Craig LaRotonda’s illustration “Welcome to The Cryptozoology Museum” appears in the latest issue of Yankee Magazine, for July/August 2011.
The accompanying article by Justin Shatwell, associate editor of Yankee Magazine, is a positive review of the International Cryptozoology Museum of Portland, Maine, via an article entitled, “A Place for Open Minds: A visit with Loren Coleman may change the way you view the world.”
“Coleman is of a scientific mind – far more Agent Scully than Mulder – and  years of investigating sightings have taught him to be skeptical,” writes the Yankee author.
Shatwell’s concluding paragraph is worthy of passing along: “Though small and unorthodox, the [International] Cryptozoology Museum will do more to test your preconceived notions than almost any other museum in New England. After 45 minutes talking to Coleman, you may leave just as convinced that ‘monsters’ couldn’t exist – but for the first time in your life, you’ll be challenged to back up that opinion.”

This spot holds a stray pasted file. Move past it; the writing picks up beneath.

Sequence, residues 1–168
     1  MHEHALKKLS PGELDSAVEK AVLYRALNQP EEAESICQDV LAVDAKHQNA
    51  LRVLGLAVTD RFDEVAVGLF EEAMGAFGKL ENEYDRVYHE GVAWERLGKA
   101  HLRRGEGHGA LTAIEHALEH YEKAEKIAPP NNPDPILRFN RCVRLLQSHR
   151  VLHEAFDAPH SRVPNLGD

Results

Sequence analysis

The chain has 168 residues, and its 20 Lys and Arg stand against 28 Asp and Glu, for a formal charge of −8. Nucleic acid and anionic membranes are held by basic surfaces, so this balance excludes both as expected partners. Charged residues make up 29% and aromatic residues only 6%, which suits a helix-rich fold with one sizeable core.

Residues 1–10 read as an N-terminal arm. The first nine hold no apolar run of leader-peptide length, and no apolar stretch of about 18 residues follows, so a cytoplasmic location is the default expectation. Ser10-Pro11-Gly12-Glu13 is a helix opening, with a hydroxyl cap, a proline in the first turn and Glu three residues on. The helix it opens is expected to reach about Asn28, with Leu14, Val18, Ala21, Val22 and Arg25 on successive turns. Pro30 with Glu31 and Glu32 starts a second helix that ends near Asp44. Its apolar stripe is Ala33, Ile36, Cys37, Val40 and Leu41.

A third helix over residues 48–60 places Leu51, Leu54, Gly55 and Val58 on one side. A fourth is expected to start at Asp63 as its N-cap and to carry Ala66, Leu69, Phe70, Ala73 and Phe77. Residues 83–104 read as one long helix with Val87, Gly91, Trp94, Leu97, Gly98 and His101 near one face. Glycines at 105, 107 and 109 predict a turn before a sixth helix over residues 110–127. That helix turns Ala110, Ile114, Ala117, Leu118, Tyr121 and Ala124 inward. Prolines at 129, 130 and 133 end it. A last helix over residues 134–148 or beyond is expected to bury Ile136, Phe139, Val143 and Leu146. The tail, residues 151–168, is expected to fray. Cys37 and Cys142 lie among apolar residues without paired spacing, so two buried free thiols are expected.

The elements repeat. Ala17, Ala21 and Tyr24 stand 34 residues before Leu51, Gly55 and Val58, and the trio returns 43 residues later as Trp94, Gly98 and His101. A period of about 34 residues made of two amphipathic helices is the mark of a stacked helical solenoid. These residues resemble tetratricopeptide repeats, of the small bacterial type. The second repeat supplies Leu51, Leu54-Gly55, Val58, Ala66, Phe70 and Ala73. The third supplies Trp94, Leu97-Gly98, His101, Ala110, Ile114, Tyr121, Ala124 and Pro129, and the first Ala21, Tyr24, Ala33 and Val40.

Meanwhile, it should be mentioned that Channel 5 Boston placed the International Cryptozoology Museum on their recent “Top Ten” list at #4:
4.) International Museum of Cryptozoology.
Never heard of cryptozoology? Neither had I. But as Loren Coleman explains it, it’s the study of hidden or unknown animals that haven’t been verified by science. The museum opened last fall and is the only one of its kind in the world. Okay, it’s only two cramped rooms in the back of a Portland bookstore, and is entirely the personal collection of Loren Coleman. But somehow it works. Mostly because Loren Coleman has spent most of his life being fascinated by weird stuff like Bigfoot, Yeti and the Loch Ness Monster. And he gives personal tours to visitors. And he has a ten-foot tall really cool model of Bigfoot by the door that he will stand next to and let you take a funny picture of him posing with it. (Well, he let me take a picture, anyway.) Which shows that not only does he have some really good stuff, he’s also a really good sport. Try doing something like that at the Isabella Stewart Gardner Museum. Or even finding a single thing on Bigfoot there.
Slight corrections: The ICM opened in August 2003, and moved to its present public location in October 2009. The Bigfoot is 8 feet tall (plus another 1/2 ft for the base), not 10 feet tall. Yes, I will let you take my photo next to the Bigfoot, if we aren’t too busy. I am a good sport.